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Climate Shocks, Dynastic Cycles, and Nomadic Conquests: Evidence from Historical China

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Author Info

  • Qiang Chen

    ()
    (School of Economics, Shandong University)

Abstract

Nomadic conquests have helped to shape world history, yet we know little about why they occurred. Using climate and dynastic data from historical China since 221 BCE, this study finds that the likelihood of nomadic conquest increased with less rainfall proxied by drought disasters, which drove pastoral nomads to attack agrarian Chinese for survival. Moreover, consistent with the dynastic cycle hypothesis, the likelihood of China being conquered increased when a Chinese dynasty was established earlier (and hence was weaker, on average) than a rival nomadic regime. These results survive a variety of robustness checks, including using the latitude of the Sino-nomadic border as an alternative dependent variable. The dynastic cycle effect also persists in an extension to world history. The effects of other climate shocks, such as snow, frost, and temperature anomaly, are not robust.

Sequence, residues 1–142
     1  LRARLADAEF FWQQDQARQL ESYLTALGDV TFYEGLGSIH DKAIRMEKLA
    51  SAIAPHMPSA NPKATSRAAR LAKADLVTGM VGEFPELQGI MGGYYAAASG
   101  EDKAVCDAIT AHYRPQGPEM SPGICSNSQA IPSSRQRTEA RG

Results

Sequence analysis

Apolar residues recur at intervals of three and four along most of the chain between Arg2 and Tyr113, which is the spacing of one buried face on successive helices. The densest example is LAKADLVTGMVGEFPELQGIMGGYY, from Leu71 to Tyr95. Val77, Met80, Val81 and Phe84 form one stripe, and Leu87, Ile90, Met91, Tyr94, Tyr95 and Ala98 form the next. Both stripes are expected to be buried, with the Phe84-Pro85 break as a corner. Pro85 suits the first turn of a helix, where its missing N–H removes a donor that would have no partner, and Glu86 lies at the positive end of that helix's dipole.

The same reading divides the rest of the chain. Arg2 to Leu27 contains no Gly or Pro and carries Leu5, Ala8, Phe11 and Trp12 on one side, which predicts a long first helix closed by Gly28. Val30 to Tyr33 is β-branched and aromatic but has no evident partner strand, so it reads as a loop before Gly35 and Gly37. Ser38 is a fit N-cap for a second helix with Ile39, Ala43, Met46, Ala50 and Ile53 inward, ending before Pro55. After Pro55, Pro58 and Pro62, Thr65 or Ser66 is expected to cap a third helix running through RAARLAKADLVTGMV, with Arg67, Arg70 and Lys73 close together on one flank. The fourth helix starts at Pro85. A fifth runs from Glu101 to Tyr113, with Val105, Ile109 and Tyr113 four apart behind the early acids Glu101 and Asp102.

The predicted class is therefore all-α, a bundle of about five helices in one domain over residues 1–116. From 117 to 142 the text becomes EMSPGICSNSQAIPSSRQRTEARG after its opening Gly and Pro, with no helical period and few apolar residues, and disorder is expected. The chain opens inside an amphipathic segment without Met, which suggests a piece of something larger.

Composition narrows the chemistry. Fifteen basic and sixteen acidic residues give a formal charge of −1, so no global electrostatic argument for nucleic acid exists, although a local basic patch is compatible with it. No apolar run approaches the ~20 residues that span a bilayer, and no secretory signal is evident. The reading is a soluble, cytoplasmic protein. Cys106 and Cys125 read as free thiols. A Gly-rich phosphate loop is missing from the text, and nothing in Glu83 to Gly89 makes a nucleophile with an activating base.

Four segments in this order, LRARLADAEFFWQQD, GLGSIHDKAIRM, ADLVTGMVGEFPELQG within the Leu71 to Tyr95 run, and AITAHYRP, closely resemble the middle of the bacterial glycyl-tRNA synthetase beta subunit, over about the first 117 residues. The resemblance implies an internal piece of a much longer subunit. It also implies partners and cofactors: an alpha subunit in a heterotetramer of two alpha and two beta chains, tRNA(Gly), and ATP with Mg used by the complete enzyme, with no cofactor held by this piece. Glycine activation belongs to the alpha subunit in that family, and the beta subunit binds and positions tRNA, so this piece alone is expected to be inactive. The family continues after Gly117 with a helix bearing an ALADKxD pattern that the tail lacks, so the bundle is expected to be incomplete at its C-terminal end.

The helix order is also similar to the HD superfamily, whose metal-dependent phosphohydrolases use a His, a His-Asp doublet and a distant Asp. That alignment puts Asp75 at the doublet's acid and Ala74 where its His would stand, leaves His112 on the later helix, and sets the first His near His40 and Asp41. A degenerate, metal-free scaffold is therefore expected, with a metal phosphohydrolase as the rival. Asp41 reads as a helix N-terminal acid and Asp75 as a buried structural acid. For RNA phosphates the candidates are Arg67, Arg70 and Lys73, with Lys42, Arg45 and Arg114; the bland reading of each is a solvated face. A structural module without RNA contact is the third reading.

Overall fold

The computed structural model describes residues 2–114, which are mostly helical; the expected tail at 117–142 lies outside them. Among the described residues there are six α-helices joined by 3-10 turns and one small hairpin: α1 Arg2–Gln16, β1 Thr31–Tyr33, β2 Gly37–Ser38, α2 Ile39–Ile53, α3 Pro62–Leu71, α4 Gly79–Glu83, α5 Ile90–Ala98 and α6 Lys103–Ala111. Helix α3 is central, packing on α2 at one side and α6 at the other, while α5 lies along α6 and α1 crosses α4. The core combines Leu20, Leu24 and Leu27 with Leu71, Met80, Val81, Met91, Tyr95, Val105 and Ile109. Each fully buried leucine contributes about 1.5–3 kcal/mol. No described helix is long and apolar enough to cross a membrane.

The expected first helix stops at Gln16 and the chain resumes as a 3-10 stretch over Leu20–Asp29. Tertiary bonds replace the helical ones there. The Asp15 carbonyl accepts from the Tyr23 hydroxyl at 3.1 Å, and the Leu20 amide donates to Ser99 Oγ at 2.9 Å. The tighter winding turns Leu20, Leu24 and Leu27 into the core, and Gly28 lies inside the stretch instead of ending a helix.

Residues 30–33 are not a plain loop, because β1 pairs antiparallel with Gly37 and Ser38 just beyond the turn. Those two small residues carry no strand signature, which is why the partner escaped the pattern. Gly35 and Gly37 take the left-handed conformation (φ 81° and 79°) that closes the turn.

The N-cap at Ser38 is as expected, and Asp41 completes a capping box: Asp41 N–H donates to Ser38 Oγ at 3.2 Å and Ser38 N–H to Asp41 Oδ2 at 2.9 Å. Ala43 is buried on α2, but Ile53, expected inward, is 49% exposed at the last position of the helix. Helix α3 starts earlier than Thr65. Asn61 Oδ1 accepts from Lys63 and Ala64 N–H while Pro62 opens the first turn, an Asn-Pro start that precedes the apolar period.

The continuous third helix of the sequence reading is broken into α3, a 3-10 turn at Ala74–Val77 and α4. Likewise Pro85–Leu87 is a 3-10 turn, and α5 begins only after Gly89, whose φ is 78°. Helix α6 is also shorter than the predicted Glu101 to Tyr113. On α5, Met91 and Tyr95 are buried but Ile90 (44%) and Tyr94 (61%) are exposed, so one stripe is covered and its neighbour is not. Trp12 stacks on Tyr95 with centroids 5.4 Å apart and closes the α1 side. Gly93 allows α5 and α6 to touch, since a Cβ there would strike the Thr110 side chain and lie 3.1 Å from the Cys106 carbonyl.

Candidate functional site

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File URL: http://econ.sdu.edu.cn/RePEc/shn/wpaper/nomadic_conquest.pdf
File Function: First version, 2012
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Bibliographic Info

Paper provided by School of Economics, Shandong University in its series SDU Working Papers with number 2012-01.

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Length: 49 pages
Date of creation: Oct 2012
Date of revision:
Handle: RePEc:shn:wpaper:2012-01

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Web page: http://econ.sdu.edu.cn
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Related research

Keywords: Nomadic conquests; climate shocks; dynastic cycles;

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  1. Carol H. Shiue & Wolfgang Keller, 2004. "Markets in China and Europe on the Eve of the Industrial Revolution," NBER Working Papers 10778, National Bureau of Economic Research, Inc.
  2. Markus Brückner & Antonio Ciccone, 2009. "Rain and the Democratic Window of Opportunity," Working Papers 2009-38, FEDEA.
  3. Carol H. Shiue, 2002. "Transport Costs and the Geography of Arbitrage in Eighteenth-Century China," American Economic Review, American Economic Association, American Economic Association, vol. 92(5), pages 1406-1419, December.
  4. Antonio Ciccone, 2013. "Estimating the Effect of Transitory Economic Shocks on Civil Conflict," Review of Economics and Institutions, Università di Perugia, Università di Perugia, vol. 4(2).
  5. repec:sae:ecolab:v:16:y:2006:i:2:p:1-2 is not listed on IDEAS
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Cited by:
  1. Qiang Chen, 2013. "Climate Shocks, State Capacity, and Peasant Uprisings in North China during 25-1911 CE," SDU Working Papers, School of Economics, Shandong University 2013-01, School of Economics, Shandong University.

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